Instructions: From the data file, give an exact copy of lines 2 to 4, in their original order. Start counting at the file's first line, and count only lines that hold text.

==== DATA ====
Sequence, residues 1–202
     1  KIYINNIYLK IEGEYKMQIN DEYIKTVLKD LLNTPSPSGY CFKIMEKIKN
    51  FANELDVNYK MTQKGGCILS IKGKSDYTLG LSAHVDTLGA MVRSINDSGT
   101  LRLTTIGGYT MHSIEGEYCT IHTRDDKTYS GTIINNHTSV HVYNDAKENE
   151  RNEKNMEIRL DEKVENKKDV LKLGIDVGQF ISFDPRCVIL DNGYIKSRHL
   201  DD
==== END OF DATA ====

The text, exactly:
     1  KIYINNIYLK IEGEYKMQIN DEYIKTVLKD LLNTPSPSGY CFKIMEKIKN
    51  FANELDVNYK MTQKGGCILS IKGKSDYTLG LSAHVDTLGA MVRSINDSGT
   101  LRLTTIGGYT MHSIEGEYCT IHTRDDKTYS GTIINNHTSV HVYNDAKENE